We need to rewatch "The Jackie Robinson Story."
No, not the movie "42."
The 1950 version. In black and white.
With the real Jackie Robinson, and a deeper look at ourselves, in real time.
In 1950, Robinson was in the middle of his major league career with the Brooklyn Dodgers. He had already been named Rookie of the Year (1947), MVP (1949), led the league in stolen bases (1947 and '49), and won the batting title ('49 again).
He was well on his way to the Hall of Fame, and not just because he was the first African-American to play major-league baseball.
According to the movie script, Robinson makes a brilliant play at second base during a minor-league Montreal intrasquad game.
Branch Rickey, Dodgers president and general manager, is watching the game with the Montreal manager.
Rickey says: "No other human being could have made that play!"
The manager says: "Mr. Rickey, do you really think that's a human being?"
It hits you right between the eyes.
It's a look forward and a look back in a nanosecond.
And it's alive and well today -- the idea some of us are more "human" than others.
Compound that thought this way: If we can believe that some of us are more human than others, we can believe that some of us are better than others, and that some of us have more rights than others. And that some of us are more religious and, in my faith, more Christian than others.
We can then take that idea and morph it into so-called infringements on what we consider to be our rights by people who are not like "the rest of us."
Note: Though we are often quite willing to exclude people from our circles, we are always inclusive when it comes to claiming we are not alone in our points of view -- at least until challenged as to who those "rest of us" are. You know: That point at which you find out "the rest of us" is just you and a couple of friends who don't want to see you embarrassed.
But I digress.
Today, we are in another heavy conversation about who makes up "the rest of us."
For some, it isn't a question at all.
For too many people of faith, it is the biggest question on the table. And the longer it remains a question, the more it unnecessarily separates us from each other.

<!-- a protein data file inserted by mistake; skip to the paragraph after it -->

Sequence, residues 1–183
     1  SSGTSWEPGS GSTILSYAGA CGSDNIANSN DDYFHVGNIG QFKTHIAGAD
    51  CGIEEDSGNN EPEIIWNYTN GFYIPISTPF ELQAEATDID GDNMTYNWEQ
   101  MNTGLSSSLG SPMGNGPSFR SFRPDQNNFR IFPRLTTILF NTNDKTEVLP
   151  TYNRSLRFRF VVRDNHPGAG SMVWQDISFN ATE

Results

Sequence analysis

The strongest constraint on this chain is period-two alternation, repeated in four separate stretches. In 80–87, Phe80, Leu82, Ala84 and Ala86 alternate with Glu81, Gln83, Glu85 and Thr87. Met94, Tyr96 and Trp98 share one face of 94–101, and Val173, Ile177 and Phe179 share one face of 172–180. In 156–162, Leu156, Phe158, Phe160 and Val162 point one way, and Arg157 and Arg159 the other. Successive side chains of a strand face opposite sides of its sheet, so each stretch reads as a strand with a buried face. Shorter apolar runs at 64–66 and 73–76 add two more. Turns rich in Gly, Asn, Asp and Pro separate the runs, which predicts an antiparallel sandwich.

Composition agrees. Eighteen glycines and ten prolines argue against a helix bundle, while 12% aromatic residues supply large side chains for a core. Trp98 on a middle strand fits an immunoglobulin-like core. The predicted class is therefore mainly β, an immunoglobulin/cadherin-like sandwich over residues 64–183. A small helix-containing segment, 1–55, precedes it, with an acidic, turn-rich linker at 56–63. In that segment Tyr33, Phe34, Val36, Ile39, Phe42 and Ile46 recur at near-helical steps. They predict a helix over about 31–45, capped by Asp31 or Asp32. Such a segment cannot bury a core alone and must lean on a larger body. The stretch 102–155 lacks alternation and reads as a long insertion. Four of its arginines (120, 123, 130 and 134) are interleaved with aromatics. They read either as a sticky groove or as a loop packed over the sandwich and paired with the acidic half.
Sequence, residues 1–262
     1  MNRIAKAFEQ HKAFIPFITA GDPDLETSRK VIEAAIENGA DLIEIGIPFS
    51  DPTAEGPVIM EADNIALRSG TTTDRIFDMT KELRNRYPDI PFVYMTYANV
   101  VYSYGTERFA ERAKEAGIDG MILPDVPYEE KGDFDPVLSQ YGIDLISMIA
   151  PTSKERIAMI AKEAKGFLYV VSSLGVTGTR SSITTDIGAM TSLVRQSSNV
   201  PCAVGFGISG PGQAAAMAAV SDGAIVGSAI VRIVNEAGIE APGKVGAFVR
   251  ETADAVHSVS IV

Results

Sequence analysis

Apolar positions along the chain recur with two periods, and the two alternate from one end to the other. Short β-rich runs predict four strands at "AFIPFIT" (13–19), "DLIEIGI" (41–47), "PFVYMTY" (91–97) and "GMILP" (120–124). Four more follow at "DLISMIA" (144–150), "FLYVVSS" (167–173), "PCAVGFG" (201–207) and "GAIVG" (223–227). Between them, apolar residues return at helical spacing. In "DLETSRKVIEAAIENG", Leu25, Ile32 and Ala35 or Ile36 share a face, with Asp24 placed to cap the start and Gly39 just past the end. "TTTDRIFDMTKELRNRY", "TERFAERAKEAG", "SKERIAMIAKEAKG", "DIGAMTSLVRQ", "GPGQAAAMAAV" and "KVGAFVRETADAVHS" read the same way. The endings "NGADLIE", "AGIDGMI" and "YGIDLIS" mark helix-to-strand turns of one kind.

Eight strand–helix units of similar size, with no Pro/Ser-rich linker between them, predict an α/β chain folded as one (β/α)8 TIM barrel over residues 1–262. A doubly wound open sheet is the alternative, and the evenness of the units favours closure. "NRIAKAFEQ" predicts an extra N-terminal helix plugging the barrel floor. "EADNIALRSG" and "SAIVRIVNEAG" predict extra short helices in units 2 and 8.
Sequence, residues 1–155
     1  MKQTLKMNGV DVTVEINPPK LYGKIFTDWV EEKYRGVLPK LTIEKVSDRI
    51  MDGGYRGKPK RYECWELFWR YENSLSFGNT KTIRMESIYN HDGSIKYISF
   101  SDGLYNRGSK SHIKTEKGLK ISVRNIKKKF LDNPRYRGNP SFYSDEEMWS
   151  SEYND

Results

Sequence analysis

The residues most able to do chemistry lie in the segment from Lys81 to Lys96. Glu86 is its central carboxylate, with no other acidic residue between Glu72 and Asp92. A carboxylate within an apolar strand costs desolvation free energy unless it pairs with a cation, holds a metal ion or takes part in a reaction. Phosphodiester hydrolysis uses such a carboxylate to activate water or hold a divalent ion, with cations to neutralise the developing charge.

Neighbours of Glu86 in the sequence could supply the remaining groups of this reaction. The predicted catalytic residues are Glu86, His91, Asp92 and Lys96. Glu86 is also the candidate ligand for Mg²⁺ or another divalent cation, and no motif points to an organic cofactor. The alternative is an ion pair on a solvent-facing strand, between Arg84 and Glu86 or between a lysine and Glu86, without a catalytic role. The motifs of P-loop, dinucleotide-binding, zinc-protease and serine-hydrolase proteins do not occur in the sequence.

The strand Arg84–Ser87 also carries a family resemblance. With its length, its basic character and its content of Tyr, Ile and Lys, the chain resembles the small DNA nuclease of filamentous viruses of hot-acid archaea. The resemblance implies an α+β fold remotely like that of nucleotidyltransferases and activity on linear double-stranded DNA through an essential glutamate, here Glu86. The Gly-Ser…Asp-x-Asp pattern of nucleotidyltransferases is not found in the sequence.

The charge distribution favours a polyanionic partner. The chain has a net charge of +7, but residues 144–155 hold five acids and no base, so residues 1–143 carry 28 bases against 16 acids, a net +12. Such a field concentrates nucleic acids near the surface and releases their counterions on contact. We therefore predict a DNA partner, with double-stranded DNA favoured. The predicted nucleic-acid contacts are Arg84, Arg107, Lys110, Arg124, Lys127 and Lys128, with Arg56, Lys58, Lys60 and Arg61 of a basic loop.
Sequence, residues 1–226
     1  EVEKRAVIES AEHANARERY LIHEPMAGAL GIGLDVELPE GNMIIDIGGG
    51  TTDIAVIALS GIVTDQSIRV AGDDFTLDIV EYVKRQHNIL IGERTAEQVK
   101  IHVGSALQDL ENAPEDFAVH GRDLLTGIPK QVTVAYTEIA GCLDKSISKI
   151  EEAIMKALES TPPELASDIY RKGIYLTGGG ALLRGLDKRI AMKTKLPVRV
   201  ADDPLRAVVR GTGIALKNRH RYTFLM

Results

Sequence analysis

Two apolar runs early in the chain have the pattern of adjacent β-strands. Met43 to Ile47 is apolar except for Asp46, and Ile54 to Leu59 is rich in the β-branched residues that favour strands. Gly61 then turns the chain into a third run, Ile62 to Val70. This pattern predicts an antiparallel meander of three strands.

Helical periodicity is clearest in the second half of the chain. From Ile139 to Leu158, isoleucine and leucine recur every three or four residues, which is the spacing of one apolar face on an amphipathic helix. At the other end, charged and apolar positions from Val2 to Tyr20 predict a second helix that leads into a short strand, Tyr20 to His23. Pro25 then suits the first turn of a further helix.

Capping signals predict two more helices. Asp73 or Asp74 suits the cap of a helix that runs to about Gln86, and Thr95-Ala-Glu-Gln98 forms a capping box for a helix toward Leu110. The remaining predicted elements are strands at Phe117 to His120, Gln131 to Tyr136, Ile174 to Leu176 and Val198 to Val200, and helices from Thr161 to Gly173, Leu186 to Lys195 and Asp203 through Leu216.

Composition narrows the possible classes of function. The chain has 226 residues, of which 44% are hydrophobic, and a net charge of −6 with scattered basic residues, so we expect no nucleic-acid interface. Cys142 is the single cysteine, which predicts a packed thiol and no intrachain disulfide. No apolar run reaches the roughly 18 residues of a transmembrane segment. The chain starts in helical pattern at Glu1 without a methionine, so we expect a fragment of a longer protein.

Case for inclusiveness
Wearing No. 52, Michael Sam was a consensus All-American and the Defensive Player of the Year in the Southeastern Conference this past year. When he went public recently (he told his University of Missouri teammates last summer, and they embraced him) with the news he was gay, we learned an awful lot about ourselves.
Breathtakingly, some "pundits" have already suggested he might not even be drafted by a National Football League team because of the NFL tendency to avoid controversy.
Is it worth suggesting the more his peers refuse to embrace him as being fully human, the more the controversy will grow -- and with it, a legacy of shame that he was not immediately embraced as an athlete and was, instead, judged by some bizarre avoidance of controversy standard?
Is it worth suggesting the more we refuse to unconditionally embrace each other as children of God, the greater we grow our own little legacies of shame?
We have witnessed this within our own congregation. As we have made it a point to proclaim our inclusiveness as part of our oneness with each other in God's world, some people have resigned their membership.
Others, however, on hearing about and, perhaps more saliently, feeling our message of 21st century hope, have joined.
In fact, because we chose not to "avoid controversy," we finished this past year with more members than when we started, together with more than a few curious visitors who've wanted to know what the "controversy" was all about.
No, it is not all pretty for Michael Sam just now, as it has not been for our church.
In fact, some of it has been downright painful.
Sadly, it can be our tendency to find ways to make change hurt by, when we are hurting, inflicting pain. Like when one of our former members recently spoke with someone who chose to stay and asked that person; "How can you go to church over there, with all those queers?"
Fortunately, the good person and recipient of the remark recognized the call of Christ had removed all limits to his or her circle of faith. Rather than reacting with bitterness, the person was able to deal with the pain through a feeling of wholeness that had emerged in that person's life, borne in part by that person's experience in a church that chose not to search for ways to "avoid controversy."
Much like the wholeness, which we pray will continue to envelop a fine young man who has more than earned the right to be judged by his football talents and not by those with whom he may choose to be in a relationship.
And yes, we would be proud to be included with him in the widening circle he has so nobly proclaimed.
If we are people of faith, particularly if we claim to be part of the community of Jesus of Nazareth, we recognize our common humanity without conditions. And in that recognition, it does not matter whether we are wearing Nos. 42 or 52 or simply sitting in a pew.
The Rev. Robert Sichta, Congregational United Church of Christ, 3700 26th St. W., Bradenton, can be reached by calling 941-756-1018 or e-mailing PBKAlpha1@gmail.com. Faith Matters is a regular feature of Saturday's Herald, written by local clergy members.